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Sir John A MacDonald
Provincial Rights

MACDONALD'S preference for a legislative rather than a federal union was strongly put forward at the Quebec conference. In submitting the result of that conference to the parliament of the old provinces of Canada in 1865 he stated it anew. "As regards the comparative advantage of a legislative and a federal union, I have never hesitated to state my own opinions. I have again and again stated in the House that, if practicable, I thought a legislative union would be preferable. I have always contended that if we could agree to have one government and one parliament legislating for the whole of these peoples, it would be the best, the cheapest, the most vigorous, and the strongest system of government we could adopt." The explicit way in which he at the same time publicly announced his conviction, as the result of the conference, that a legislative union was impracticable, and that he yielded his own judgment to the general opinion, renders quite incredible the statement made with some hesitation by the biographer of Sir Georges Cartier that Macdonald again tried during the negotiations of 1866-7 in London to modify to this end the British North America Act, and was only prevented from doing so by the resolute opposition of Cartier.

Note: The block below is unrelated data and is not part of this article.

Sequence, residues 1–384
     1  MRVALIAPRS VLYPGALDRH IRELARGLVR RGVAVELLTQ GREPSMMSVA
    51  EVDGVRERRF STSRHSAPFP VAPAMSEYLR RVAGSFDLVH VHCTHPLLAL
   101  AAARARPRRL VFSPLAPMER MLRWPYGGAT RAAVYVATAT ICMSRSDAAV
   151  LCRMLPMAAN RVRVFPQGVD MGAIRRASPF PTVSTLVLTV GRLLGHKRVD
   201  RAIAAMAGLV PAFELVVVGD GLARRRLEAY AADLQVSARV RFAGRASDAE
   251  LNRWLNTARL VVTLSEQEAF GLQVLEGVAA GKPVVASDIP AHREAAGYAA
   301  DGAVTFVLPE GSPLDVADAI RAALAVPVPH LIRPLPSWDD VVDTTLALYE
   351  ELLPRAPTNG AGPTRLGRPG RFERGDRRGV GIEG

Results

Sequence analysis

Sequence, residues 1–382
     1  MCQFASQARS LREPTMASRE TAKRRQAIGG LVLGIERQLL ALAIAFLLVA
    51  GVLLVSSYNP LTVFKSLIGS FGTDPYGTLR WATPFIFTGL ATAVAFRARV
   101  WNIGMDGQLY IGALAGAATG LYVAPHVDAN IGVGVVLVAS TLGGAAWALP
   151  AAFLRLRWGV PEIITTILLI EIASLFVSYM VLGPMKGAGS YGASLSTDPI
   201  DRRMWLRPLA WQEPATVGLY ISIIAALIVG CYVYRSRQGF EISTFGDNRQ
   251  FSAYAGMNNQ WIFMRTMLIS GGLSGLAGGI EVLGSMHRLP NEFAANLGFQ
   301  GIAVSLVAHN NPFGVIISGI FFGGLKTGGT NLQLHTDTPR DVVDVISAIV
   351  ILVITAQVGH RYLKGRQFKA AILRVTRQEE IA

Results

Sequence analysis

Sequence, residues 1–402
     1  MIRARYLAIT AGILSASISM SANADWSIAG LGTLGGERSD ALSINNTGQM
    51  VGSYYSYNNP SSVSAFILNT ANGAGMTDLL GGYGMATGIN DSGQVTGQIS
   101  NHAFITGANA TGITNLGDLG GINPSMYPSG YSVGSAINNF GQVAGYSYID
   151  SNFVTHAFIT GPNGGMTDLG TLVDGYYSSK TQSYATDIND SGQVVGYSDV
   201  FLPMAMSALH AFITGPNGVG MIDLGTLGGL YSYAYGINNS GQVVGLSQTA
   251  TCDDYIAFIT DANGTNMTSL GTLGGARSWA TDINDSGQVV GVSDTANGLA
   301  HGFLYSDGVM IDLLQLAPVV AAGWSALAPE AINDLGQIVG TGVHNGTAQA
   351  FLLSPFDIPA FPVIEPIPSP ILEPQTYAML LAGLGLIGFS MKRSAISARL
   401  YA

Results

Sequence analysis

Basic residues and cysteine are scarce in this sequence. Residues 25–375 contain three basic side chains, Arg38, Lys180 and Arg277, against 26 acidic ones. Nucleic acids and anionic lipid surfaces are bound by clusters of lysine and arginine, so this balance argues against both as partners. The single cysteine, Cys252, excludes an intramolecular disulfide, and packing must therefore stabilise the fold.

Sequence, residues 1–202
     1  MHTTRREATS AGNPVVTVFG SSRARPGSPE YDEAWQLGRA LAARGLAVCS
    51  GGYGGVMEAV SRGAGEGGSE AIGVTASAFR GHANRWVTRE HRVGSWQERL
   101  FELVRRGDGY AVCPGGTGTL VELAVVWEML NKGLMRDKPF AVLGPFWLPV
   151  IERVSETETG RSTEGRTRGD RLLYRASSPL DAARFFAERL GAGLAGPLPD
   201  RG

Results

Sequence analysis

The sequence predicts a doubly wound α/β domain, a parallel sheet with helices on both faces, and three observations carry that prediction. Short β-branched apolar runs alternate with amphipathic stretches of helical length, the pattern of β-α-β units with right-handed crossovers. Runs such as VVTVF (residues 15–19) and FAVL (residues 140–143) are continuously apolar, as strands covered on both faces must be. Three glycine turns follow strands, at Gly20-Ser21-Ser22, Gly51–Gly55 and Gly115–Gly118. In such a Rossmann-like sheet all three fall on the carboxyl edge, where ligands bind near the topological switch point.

But the original bias of his mind on this question, so frankly expressed, explains the fact that his general inclination in interpreting the constitution and in working the machinery of government, was to limit as far as possible the area of provincial rights, and to concentrate control in the hands of the general government. The assertion of State sovereignty had lately led on to secession in the United States, and the union had only been maintained at the price of one of the most frightful wars of modern times. He therefore strove conscientiously to save the Dominion from a danger written so large in contemporary history. More than once he failed to carry out his views, and it may well be that he exaggerated the danger and made too little allowance for other considerations. Provincial patriotism was enlisted in vigorous opposition to what sometimes looked like federal aggression, and more than once his purpose was overruled.. It may fairly be claimed that his prevailing motive was a larger patriotism which aimed at national consolidation. It is yet too soon to form a final judgment of his policy on this difficult question. Time and experience alone can decide whether the advocate of centralized strength or those who championed local independence most contributed to the permanent good of his country. We may hope that Canada has found the golden mean between conflicting ideas. Fortunately our empire offers opportunities to carry out political experiments on varying lines and on a great scale. Under the federal system adopted by Australia the importance and independence given to the individual State furnish a strong contrast to the ideas which prevailed in Macdonald's mind. In the southern commonwealth by general admission they have, so far, distinctly militated against the efficiency of the general government, and also against the sense of national unity. It remains to be proved whether counterbalancing advantages have been gained.